We are creatures of the light. A gloomy day can make many of us glum. A sunny day can brighten our mood, as well as the amount of light streaming in through the window. Seasonal Affective Disorder (SAD) can be ameliorated by special lights.
It is not just light, it is also color that can affect us. Remember the old institutional green that was supposed to sooth us? Now studies have found that perceptions of color may have a cultural bias.
“Beach et al added, “Arousal effects of color are neither strong, reliable, nor enduring enough to warrant their use as a rationalization for applying ‘high’ or ‘low’ arousing colors to create ‘high’ or ‘low’ activity spaces.”3 For example, they said that a blue room will not automatically calm someone because other factors influence human reaction to color. Each individual will react to a color based on his or her experience, culture, and belief system. ” From https://www.healthcaredesignmagazine.com/architecture/what-next-institutional-green/
One of my favorite forms of colors is light through a stained glass window. During the day, the splash of sunshine becomes a spill of color across pews and floors, if the sun slant is low enough.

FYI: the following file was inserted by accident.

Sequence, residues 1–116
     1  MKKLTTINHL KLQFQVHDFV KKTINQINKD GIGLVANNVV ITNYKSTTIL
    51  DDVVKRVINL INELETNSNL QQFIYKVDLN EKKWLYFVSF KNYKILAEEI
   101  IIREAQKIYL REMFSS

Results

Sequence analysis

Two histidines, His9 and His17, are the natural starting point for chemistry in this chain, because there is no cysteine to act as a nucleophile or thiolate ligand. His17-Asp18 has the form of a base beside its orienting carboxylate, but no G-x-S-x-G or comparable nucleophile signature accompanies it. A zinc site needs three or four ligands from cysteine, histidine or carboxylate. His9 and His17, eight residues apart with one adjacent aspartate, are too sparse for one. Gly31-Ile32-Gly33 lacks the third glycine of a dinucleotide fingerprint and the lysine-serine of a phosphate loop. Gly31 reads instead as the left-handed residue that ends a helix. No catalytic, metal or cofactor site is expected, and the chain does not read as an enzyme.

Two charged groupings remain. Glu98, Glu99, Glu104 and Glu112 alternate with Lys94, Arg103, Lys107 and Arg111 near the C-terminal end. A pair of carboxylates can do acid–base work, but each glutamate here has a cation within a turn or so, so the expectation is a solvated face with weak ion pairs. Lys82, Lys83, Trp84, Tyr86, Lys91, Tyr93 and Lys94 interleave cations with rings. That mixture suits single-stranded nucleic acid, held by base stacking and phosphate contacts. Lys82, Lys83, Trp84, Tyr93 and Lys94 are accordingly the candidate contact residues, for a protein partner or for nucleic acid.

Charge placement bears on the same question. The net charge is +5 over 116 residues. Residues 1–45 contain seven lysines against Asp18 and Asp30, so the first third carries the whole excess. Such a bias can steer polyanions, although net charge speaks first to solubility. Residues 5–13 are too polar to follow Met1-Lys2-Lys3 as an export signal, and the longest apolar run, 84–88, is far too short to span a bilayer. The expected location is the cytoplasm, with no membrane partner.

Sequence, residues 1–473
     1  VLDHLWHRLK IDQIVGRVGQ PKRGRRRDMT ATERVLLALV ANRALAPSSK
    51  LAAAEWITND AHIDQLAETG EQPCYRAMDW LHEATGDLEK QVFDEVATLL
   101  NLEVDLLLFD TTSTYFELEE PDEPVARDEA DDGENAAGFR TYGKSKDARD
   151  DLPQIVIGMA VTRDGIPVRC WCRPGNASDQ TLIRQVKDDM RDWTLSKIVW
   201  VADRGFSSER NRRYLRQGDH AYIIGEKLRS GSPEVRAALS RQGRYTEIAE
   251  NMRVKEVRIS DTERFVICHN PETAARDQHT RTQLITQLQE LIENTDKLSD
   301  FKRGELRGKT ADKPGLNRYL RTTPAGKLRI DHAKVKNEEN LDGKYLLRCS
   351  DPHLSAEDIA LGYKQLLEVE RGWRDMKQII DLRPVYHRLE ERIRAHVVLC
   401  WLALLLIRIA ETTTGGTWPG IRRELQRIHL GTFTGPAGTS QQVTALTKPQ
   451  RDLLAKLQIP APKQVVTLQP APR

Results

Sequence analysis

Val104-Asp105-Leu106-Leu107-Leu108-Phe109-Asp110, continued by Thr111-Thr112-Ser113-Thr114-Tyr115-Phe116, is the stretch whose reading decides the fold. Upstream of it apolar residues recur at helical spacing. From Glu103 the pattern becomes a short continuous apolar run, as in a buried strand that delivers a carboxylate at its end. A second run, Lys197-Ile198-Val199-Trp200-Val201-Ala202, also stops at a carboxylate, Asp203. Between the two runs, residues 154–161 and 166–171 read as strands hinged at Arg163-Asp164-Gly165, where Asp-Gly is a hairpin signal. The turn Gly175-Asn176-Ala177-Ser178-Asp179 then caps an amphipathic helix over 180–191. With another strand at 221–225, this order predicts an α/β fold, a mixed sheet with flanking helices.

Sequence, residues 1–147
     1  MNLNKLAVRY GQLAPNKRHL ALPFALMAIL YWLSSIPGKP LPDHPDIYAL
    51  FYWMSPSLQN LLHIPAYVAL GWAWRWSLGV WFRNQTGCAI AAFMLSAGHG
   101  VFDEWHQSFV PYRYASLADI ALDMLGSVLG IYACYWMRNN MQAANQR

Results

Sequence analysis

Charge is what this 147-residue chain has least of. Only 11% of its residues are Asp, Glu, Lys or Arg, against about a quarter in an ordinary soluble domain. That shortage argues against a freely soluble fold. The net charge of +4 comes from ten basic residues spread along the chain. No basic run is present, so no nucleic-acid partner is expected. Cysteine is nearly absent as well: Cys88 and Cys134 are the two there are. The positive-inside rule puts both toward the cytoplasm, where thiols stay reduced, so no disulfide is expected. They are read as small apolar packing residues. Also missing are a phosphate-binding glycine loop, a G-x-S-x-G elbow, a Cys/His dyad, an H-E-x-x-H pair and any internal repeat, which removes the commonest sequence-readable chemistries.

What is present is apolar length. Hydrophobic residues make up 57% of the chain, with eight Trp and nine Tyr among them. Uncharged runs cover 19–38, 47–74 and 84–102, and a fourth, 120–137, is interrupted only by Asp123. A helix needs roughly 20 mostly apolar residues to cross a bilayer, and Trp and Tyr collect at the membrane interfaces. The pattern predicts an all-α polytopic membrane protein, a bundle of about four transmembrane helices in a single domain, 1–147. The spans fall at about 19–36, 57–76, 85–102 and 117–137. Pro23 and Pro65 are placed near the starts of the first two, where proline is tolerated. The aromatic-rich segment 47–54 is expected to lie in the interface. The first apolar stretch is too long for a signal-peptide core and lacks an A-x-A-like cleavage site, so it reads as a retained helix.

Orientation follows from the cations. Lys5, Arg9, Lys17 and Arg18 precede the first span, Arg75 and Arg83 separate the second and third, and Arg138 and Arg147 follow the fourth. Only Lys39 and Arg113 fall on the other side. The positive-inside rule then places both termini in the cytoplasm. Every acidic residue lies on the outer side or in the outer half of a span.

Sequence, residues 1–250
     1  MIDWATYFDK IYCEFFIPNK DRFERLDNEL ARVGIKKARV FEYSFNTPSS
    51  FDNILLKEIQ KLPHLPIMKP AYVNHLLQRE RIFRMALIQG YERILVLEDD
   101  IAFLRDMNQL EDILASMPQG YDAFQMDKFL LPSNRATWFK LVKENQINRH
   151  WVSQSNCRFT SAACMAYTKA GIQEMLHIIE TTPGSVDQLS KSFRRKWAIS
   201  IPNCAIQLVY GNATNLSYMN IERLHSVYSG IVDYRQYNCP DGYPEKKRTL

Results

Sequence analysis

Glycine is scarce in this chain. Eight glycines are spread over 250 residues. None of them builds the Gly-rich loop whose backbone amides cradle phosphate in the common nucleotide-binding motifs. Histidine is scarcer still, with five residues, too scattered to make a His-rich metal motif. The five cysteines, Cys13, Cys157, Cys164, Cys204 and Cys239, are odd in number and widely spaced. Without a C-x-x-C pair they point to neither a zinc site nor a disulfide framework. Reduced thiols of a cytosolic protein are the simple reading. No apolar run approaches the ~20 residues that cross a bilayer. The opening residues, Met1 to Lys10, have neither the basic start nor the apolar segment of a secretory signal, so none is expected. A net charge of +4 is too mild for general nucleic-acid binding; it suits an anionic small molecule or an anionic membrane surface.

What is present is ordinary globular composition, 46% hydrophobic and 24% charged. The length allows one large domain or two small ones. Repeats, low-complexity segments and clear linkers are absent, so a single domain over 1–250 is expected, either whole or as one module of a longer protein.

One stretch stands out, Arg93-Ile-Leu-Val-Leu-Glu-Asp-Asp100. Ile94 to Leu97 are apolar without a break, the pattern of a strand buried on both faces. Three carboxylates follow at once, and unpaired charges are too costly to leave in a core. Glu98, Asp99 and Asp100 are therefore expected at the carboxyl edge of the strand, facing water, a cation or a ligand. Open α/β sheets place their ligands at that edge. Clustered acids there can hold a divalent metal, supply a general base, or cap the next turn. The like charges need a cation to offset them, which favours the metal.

Light spills through a stained glass window at St Paul’s Ivy Episcopal Church in Ivy, VA
The strength of the sun can also affect the brightness of the stained glass “shadow” as seen in these two pictures from Our Lady of the Angels Monastery in Crozet, VA. When a passing cloud slightly obscured the sun’s brightness, you could not tell from the stained glass but you could tell from the reflection on the floor.
Even if the sun is not low enough to spill through the windows and cause a reflection, stained glass windows are still gorgeous.
Stained glass windows at St. Paul’s Episcopal Church in Key West (oldest non-Catholic Church in Key West.)
At night lights relecting back out through stained glass windows make a cheerful sight as you walk or drive past.